Digital transition continues to dent French recorded music trade sales
French music trade association SNEP has reported a second consecutive annual fall in revenue from the sale of physical and digital music formats and digital access services. Despite sharp growth in trade income from subscription services, a big drop in earnings from physical formats and downloads meant the value of the French recorded music market last year was half of what it was 10 years ago. A good year for performance rights lessened the overall decline. In its report, SNEP drew attention to the rise of subscriptions in France – more than 3 million consumers are now paying for a subscription to one of the many services available in the country. However, with physical formats still dominant and downloads dropping away fast, it seems unlikely that the French recorded music market will return to growth any time soon.

Music video providers look to make consumers pay for the short form
The music video has come a long way since the launch of MTV in the early 1980s. Now the format is part of the short-form-video revolution which led the world to consume some five trillion clips last year. Music video consumption has long shifted online – largely into the hands of YouTube. Much of that content has yet to be fully monetized, but there are major moves underway to make more consumers pay.

China country report
In addition to the usual set of music industry statistics and news briefs, the latest issue of Music & Copyright includes a detailed China music industry profile. For many years China has been seen as a music market in the midst of development and one that offers great potential for growth. Certainly the country’s marketplace for creative content is developing rapidly. However, there have been a number of false starts, and industry sectors have been left disappointed with China consistently failing to live up to its billing. More recently though, there have been some glimmers of hope. The latest IFPI figures showed trade revenue was up in 2014 with streaming the big driver of growth. Ovum has estimated growth continued last year, and more is set to come. China’s digital infrastructure is highly developed and with smartphone penetration on the rise, all the requirements for further digital growth are firmly in place. However, some creative sectors continue to suffer against a backdrop of unlicensed services and restrictive practices. Royalty collections have grown consistently for the last six or so years, but given the size of the population and level of music use, rights holders’ earnings measured at a per-capita rate are tiny.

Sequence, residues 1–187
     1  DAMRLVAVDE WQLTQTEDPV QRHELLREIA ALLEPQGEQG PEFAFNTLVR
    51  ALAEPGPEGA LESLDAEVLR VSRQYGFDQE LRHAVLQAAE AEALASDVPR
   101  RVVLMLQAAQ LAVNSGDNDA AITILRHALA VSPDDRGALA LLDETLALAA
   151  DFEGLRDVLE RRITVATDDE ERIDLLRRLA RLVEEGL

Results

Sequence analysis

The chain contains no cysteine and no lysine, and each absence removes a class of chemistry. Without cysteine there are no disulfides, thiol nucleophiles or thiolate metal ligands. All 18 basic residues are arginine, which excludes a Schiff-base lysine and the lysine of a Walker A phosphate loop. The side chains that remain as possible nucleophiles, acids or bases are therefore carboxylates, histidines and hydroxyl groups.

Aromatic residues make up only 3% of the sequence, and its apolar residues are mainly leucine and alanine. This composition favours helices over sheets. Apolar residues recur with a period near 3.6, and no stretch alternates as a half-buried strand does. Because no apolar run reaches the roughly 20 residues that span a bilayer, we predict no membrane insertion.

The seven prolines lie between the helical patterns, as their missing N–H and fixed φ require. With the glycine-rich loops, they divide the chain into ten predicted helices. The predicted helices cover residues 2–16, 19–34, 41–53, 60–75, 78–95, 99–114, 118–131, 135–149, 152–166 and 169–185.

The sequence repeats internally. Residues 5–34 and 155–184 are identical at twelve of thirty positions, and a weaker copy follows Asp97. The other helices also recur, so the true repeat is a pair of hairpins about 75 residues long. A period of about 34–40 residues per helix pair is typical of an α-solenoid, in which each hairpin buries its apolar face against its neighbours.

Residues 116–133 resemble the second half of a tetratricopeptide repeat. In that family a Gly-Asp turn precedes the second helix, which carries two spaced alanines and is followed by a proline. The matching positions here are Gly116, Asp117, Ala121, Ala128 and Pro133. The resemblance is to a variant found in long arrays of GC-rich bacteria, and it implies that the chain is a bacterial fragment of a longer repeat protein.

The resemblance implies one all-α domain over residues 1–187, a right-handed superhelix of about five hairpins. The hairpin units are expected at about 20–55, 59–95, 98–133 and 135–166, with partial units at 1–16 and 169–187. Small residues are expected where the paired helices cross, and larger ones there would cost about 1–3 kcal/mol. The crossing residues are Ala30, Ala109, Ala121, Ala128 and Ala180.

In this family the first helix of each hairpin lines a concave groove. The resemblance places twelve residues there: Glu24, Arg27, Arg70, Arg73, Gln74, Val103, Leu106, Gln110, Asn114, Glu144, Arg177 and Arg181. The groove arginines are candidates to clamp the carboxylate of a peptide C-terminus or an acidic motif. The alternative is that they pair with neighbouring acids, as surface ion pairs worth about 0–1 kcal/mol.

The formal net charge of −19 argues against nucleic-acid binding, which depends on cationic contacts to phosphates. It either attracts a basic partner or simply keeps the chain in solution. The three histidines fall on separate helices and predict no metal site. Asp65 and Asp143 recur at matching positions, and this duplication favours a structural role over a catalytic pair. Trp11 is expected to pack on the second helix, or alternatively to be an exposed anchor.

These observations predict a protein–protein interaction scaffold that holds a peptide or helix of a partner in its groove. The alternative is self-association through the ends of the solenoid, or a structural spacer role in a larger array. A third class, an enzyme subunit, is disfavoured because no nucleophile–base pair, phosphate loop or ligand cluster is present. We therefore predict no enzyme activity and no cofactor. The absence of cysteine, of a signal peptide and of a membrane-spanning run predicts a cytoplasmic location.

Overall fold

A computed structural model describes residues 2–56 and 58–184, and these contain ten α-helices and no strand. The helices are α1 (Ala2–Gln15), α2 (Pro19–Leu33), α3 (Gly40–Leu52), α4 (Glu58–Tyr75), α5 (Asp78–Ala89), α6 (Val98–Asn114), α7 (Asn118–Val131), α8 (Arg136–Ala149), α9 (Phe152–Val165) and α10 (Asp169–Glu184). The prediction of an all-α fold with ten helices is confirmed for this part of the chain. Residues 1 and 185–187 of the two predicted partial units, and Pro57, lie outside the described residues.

If you want to know more about Music & Copyright then follow the below links.

Music & Copyright is published by Ovum.

New issue of Music & Copyright with China country report

The latest issue of Music & Copyright is now available for subscribers to download. Here are some of the highlights.

European Commission sets out its 16-point plan for the Digital Single Market
The European Commission has published details of how it intends to create a Digital Single Market in the region. The new plan sets out a number of targeted actions to be delivered by the end of 2016. The plan is separated into three specific areas aimed at providing better access for consumers and businesses to digital goods and services across Europe, creating the right conditions for digital networks and services to flourish, and maximizing the growth potential of the digital economy. Of particular interest to the music industry are the Commission’s plans to end geoblocking and its legislative proposals for a new copyright law aimed at reducing the differences between national copyright regimes. Continue reading “New issue of Music & Copyright with China country report”